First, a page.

Bright light emanates out from newly constructed houses.
When they return home from a day’s work, a happy smile spreads over the faces of farmers of the Taechong Cooperative Farm.
“I look at my nameplate on the door for a while whenever I am back home. It seems as if I am dreaming. I cannot yet believe it is my home,” said Jang Chol Ryong, a farmer of workteam No. 7.
Such a feeling is experienced by all other farmers, he added.
Every farmer there says the mere sight of their new house makes them happy.
Supreme Leader Kim Jong Un, on his visit to Taechong-ri under reconstruction on September 11, estimated the height of the ceiling and window sill of a room in a house, told officials to fit the window of the bathroom lower in consideration of the average height of farmers since it was fitted too high, and assessed the height of the range in the kitchen as he opened a pot.
The house he inspected that day is now inhabited by the family of Kang Myong Gun, leader of sub-workteam No. 2 of workteam No. 5 of the farm.
“Everything of our new house is gratifying, especially the kitchen. I think every woman of our farm feels the same,” said Kim Pong Sil, 62-year-old mother of Kang. “It seems to be a tailor-made house.”
Houses Will Stand Even If Sky Falls
Natural disaster is inevitable. Nobody can assure that natural disaster will not hit Taechong-ri again like this year. But the Taechong-ri residents are not afraid of natural disaster anymore.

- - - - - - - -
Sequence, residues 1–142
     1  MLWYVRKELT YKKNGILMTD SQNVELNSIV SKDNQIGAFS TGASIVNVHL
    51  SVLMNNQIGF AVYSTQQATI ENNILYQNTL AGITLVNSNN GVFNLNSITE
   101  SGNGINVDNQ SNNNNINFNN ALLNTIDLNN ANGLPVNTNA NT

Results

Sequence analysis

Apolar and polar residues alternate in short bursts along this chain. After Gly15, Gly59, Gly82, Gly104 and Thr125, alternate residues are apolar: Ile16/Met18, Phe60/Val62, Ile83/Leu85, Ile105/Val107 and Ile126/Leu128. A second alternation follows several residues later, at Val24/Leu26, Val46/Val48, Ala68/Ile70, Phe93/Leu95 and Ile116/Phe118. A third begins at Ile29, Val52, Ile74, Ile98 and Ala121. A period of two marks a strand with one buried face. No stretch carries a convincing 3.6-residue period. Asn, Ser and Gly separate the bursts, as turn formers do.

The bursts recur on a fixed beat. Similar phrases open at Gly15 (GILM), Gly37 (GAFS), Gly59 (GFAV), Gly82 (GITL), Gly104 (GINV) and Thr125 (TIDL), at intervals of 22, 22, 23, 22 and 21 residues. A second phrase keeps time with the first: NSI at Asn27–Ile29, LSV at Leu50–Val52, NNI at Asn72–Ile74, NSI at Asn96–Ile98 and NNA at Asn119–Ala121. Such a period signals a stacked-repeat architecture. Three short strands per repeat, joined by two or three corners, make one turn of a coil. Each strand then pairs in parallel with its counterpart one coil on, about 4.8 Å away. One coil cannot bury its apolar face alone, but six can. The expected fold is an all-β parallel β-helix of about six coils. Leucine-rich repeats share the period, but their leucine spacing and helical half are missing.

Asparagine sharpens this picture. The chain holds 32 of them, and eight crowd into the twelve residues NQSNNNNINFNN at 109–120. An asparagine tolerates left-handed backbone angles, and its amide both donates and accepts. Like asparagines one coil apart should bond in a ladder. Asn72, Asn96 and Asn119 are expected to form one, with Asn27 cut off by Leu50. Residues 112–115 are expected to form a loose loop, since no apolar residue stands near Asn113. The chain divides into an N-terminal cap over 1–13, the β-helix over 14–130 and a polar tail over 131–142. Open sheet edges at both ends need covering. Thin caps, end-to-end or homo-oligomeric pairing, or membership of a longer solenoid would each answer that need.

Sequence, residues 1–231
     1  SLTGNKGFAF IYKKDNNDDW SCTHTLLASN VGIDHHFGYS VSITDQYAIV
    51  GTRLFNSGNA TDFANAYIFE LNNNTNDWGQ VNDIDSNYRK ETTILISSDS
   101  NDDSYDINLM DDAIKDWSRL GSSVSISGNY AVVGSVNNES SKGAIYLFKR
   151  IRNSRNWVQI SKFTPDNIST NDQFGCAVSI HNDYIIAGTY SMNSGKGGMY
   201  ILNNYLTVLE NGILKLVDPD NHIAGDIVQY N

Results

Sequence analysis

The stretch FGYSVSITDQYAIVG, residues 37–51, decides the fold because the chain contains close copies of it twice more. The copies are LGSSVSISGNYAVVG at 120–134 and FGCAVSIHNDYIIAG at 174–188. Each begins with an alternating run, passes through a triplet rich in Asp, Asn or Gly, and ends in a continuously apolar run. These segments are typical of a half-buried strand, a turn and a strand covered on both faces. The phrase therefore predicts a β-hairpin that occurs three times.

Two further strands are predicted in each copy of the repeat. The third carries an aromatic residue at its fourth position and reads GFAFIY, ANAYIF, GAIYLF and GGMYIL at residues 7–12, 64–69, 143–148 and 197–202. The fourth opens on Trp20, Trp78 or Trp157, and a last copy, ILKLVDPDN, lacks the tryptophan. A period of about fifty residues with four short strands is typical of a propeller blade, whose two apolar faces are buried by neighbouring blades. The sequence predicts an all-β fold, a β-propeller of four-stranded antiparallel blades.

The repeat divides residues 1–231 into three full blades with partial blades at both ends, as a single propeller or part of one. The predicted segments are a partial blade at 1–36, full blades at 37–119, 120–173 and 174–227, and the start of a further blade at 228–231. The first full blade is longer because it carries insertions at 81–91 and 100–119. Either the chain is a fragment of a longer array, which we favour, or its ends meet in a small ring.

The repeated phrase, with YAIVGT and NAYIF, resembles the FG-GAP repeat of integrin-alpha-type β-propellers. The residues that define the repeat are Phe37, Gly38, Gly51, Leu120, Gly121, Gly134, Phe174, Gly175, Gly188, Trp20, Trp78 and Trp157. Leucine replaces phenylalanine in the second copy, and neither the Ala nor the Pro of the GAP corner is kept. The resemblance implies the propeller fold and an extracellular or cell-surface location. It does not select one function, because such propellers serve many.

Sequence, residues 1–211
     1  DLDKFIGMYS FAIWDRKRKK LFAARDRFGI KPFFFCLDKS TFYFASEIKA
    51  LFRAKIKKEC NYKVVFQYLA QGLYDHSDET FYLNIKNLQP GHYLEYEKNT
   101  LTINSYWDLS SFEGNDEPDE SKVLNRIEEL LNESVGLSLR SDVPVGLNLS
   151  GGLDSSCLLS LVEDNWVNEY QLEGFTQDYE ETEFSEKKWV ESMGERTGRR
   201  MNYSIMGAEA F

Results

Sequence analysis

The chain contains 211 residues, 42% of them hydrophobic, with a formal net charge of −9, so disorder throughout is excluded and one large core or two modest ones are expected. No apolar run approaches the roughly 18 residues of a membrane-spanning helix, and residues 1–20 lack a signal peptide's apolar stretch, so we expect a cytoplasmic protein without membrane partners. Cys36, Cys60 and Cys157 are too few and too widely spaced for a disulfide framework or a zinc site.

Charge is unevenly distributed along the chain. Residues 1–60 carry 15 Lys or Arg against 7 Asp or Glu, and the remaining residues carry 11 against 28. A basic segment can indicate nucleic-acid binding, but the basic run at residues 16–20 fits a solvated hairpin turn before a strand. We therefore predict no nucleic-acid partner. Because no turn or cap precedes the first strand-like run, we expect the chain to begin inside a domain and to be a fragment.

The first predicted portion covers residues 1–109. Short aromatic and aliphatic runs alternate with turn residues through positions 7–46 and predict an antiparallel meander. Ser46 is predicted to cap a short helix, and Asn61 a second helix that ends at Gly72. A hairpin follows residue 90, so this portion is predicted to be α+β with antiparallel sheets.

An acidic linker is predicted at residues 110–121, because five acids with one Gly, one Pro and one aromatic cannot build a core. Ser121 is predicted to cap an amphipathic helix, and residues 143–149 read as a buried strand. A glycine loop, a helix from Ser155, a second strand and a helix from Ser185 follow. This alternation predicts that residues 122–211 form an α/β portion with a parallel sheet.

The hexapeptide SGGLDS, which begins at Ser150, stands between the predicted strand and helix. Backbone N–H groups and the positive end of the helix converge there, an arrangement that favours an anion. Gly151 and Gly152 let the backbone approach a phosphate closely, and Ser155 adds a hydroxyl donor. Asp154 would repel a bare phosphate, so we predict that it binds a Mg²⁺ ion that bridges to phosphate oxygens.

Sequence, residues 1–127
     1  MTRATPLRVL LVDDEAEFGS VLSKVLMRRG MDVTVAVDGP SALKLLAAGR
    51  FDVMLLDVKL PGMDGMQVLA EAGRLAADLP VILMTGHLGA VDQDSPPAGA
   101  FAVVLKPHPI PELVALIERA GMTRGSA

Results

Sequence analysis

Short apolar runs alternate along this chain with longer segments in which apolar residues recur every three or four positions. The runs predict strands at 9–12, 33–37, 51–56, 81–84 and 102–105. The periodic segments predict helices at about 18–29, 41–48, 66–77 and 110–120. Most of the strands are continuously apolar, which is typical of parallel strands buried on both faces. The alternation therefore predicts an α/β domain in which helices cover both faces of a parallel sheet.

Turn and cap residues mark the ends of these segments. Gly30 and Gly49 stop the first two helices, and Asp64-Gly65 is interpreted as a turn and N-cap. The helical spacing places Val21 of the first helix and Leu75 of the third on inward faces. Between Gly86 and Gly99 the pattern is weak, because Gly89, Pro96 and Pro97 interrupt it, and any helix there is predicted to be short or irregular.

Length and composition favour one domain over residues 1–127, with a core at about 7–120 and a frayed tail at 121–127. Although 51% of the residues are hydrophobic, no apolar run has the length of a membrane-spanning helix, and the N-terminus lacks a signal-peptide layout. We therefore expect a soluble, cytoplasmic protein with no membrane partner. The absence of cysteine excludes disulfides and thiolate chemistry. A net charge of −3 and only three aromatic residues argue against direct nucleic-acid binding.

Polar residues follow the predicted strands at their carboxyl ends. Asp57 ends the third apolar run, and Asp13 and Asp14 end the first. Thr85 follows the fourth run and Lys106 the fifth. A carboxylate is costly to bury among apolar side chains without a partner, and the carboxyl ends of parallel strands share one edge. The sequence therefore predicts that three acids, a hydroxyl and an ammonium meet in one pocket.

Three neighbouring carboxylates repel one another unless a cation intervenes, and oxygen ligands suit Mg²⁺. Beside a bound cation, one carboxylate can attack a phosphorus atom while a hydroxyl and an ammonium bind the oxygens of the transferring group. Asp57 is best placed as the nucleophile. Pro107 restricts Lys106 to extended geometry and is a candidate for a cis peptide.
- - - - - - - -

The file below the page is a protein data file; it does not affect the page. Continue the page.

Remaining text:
Jong Chol Hyok, soldier builder who participated in the construction of dwelling houses in the afflicted area of Taechong-ri, described the new houses as impregnable ones that would never collapse even if the sky fell.
He said that the new houses have 120-180cm foundations according to the height of the areas where workteams nestle, which means that the floor of the houses is 50cm higher than before, and they have double walls to prevent flood damage.
They also built slabs with reinforced concrete and then roofed houses with tiles so that the residents could put themselves and family property on the roof in case of flooding.
According to Ri In Chol, head of workteam No. 5 at the Taechong Cooperative Farm who met Supreme Leader Kim Jong Un on the damaged site last August, the Supreme Leader had a shadow pass over his face after seeing the collapsed houses and suggested providing victims with houses that could stand any downpour and storms so that they could live comfortably even if the area was hit by flood again.
“As the saying goes, ‘Seeing is believing’,” Ri In Chol noted. “It is impossible to say in one or two words about the pains the Supreme Leader took for the construction of new houses, the mind of all people throughout the country and the services of officers and soldiers of the People’s Army who devoted themselves lest they left any faults. You will understand them fully if you visit here.”